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Topic: Controlling DC Motor with L293 (Read 1 time) previous topic - next topic


Aug 29, 2019, 01:30 pm Last Edit: Aug 29, 2019, 01:31 pm by TomGeorge
Below is a simplified diagram of your schematic, using a L293 will not do the job you need.

The problem is the Enable pins.
When enabled the outputs follow the inputs.
When not enabled the outputs are open circuit.
L293 has tri-state outputs.
But the enables control a pair of outputs.

If motorpin 1 and motorpin 3 need to be HIGH and LOW, both enable pins will need to be HIGH, however this means motorpin 4 is connected to an enabled output, not an open circuit that your motor will need.

I hope that makes sense.

Tom... :)
Everything runs on smoke, let the smoke out, it stops running....



Thank you for the explanation.  Any suggestions on how to run the motor?  I have tried various options (op amps, motor drivers, MOSFETs, solid state relays) and seem to have the same issue regardless of the hardware.


Aug 29, 2019, 09:10 pm Last Edit: Aug 29, 2019, 09:12 pm by jremington
The first thing you need to do is figure out how to wire the motor such that it works properly with a simple, two wire connection to a battery or power supply.

That is the connection you will use for the two outputs of the motor driver.

Then select an appropriate motor driver. Don't bother with the L293.


@jremington I can not have a 2 wire output with the motor configuration (1+/3- and 4+/1-).  I think a two output (one output for 1/3 and the other for 4/1) motor driver with the proper current/ voltage capabilities may be the solution.


Aug 30, 2019, 12:34 am Last Edit: Aug 30, 2019, 12:38 am by jremington
Looking at that motor wiring diagram, it appears that you have no option but to use the limit switches. In that case, for bidirectional control you need to add two diodes, as done here:

The idea is that when one switch opens up at the end of travel, the diode allows you to reverse the current flow so that the motor can be backed away from that end. You will have to experiment to see which switches are activated, and which way to place the diodes (they MUST oppose each other).

Most likely you will use pins 1 and 6 as the power leads, and connect the diodes to some combination of 3,4, and 5. And what are the "auxiliary limit switches"?

As it is, I don't completely believe the diagram posted previously and below, as the NO (normally open) terminal associated with switch 3 is shown as closed.



It seems that the diode idea would work.  I have yet to attempt it in a lab setting so I will give it a try and let you know.

I am not sure about using pins 2, 5, 6 as they are just linked back to 4 or 3 so I think I have to make it work with the input ports available.

It seems that auxiliary switches are additional switches the manufacturer can add on for additional stopping points of the valve.  Here is the description from the website:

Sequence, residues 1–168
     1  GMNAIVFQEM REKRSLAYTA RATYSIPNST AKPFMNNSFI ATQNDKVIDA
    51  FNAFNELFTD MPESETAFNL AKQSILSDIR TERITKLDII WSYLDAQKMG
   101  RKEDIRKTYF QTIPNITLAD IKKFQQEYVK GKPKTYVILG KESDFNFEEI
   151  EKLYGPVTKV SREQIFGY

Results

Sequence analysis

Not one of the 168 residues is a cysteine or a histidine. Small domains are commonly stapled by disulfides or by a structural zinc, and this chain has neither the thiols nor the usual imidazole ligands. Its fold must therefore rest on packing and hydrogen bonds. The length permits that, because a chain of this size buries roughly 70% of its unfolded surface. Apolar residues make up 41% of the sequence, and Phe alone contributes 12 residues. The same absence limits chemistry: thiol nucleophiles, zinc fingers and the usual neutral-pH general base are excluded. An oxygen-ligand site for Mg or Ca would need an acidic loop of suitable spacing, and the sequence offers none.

"2 Extra SPDT Switches
The R4 Actuators come with 2 SPDT switches that are activated by cams that are pre-set to full clockwise and full counter clockwise. These are typically used to enegize indicator lamps to indicate the open and closed position of the valve being operated. The 2 extra SPDT switches operate using of 2 independent common voltages, and have adjustable cams to set the contact points at whatever rotation you want."


Sep 03, 2019, 05:10 am Last Edit: Sep 03, 2019, 05:32 am by jremington
First figure out what the switches attached to pins 3, 4, 5 and 6 actually do at the ends of travel, and make a circuit that looks like the one with diodes (if possible). I suspect that the manufacturer's diagram is wrong, and the NO and NC labels associated with pin 3 need to be reversed.

It is very important that somewhere in the middle of the travel, both switches are closed (NC) as shown in the diode diagram. That way the motor can be moved both ways by simply reversing the current flow.

If you can open up the casing and get access to the "hidden" motor terminal, problem solved!


Sep 04, 2019, 02:08 am Last Edit: Sep 04, 2019, 02:08 am by MarkT

I believe the L293NE should be able to handle this as the output and peak output are 1A and 2A respectively.

Take that risk if you want, I'm advising you not to because living on the edge of spec's usually ends in disappointment - its false economy anyway as you have a dual H-bridge and one motor, naturally you'd
parallel them up for better speed and lower losses anyway.
[ I DO NOT respond to personal messages, I WILL delete them unread, use the forum please ]


@MarkT  see post #15.

Tom.. :)
Everything runs on smoke, let the smoke out, it stops running....


     So I have discovered a solution using 2 relays and an Arduino.  This circuit would work with a single DPDT relay, however I did not have one that could handle the 24V of the motor and still be actuated by the 5V of the Arduino.  So, I have a Solid State Relay that is activated by the Arduino, which then powers the coil of the DPDT relay and drives the motor.  I have attached a schematic of my set up.  Thank you everybody for the input!

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